9.     Take a boating safety course. The best way to ensure that you know the safest procedures for operating a boat is to take the Florida boating safety course.

Here are some other links to helpful information for preventing boating accidents and boating injuries
·       Accident Reporting
·        VesselSafety Check
·        File a Float Plan
·        Carbon Monoxide
·        BUI Initiatives
·        Propeller Safety

Wednesday, September 13, 2017

Navigating Hurricane Irma insurance claims

Navigating Hurricane Irma insurance claims

With Hurricane Irma finally gone, Floridians are left with the sometimes daunting and exhausting task of cleanup.   If you are one of the hundreds of thousands of Florida residents who sustained property damage during Irma, you are going to have to file an insurance claim to help cover repairs.

So how do you get started?  Who do you call? How do you make sure you get what you are owed from your insurance company? How do you avoid being the victim of a scam?

First, and foremost, DO NOT SIGN ANY CONTRACT FOR REPAIRS WITH ANYONE WITHOUT THE APPROVAL OF YOUR INSURER.  In recent months leading up to Irma, Florida has been plagued by what has been termed “assignment of benefit abuse”.  This occurs when an insured signs over, or “assigns”, its rights under an insurance policy to a 3rd party vendor.  In such instances, policy holders no longer have the right to insurance payments.  Instead, those rights belong to the contractor.  The problem has become so pervasive Florida’s Chief Financial Officer has recognized that assignment of benefit abuse is driving up the cost of insurance of every sector in the State of Florida, and it seems likely the Florida legislature will soon be addressing the issue.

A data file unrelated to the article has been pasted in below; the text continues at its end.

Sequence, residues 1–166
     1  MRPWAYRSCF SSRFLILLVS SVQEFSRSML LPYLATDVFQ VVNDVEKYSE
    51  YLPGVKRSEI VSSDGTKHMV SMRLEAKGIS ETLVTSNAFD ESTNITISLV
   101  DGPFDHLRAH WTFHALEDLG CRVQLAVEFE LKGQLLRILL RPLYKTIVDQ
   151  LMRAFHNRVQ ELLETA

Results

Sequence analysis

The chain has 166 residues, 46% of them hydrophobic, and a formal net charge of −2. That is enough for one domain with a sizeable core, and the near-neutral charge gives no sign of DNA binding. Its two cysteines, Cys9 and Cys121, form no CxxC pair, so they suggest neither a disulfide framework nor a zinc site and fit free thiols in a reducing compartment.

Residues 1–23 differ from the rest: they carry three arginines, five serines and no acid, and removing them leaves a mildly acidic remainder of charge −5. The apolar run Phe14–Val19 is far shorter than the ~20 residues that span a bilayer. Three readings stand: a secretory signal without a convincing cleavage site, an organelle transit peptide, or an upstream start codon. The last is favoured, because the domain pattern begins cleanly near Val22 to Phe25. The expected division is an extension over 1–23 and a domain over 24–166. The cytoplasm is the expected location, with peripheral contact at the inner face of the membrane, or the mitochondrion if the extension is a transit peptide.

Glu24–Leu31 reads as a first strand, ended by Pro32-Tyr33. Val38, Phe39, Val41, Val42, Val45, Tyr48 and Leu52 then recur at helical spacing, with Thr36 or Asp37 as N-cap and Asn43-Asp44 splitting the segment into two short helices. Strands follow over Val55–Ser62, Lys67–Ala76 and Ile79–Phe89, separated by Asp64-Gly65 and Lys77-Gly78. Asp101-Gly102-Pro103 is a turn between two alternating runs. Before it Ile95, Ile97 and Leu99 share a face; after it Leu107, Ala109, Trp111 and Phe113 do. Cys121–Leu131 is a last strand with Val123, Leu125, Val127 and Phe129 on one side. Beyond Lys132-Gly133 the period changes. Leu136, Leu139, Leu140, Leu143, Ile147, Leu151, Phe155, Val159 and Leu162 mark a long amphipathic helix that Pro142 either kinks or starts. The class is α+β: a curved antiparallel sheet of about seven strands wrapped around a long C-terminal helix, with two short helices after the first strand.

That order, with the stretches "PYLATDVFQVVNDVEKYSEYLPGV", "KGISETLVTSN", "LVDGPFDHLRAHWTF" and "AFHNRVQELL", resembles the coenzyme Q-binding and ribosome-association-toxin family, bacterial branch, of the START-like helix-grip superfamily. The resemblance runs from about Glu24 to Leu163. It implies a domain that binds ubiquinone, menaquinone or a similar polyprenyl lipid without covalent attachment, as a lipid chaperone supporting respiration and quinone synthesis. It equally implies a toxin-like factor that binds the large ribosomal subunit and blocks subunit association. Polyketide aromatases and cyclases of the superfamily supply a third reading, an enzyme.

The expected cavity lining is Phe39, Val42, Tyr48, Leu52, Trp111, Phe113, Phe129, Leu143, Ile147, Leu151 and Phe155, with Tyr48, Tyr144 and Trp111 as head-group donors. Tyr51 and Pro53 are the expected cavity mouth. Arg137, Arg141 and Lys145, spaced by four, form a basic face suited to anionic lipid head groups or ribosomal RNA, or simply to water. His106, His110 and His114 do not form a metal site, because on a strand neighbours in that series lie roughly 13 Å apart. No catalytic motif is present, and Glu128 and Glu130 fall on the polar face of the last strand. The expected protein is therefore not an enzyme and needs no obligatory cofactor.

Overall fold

That having been said, here are some tips to make filing damage claims as simple as possible:

1.    Locate all insurance policies. This may include a homeowners’ policy, flood policy, umbrella policy boat policy or and an automobile policy.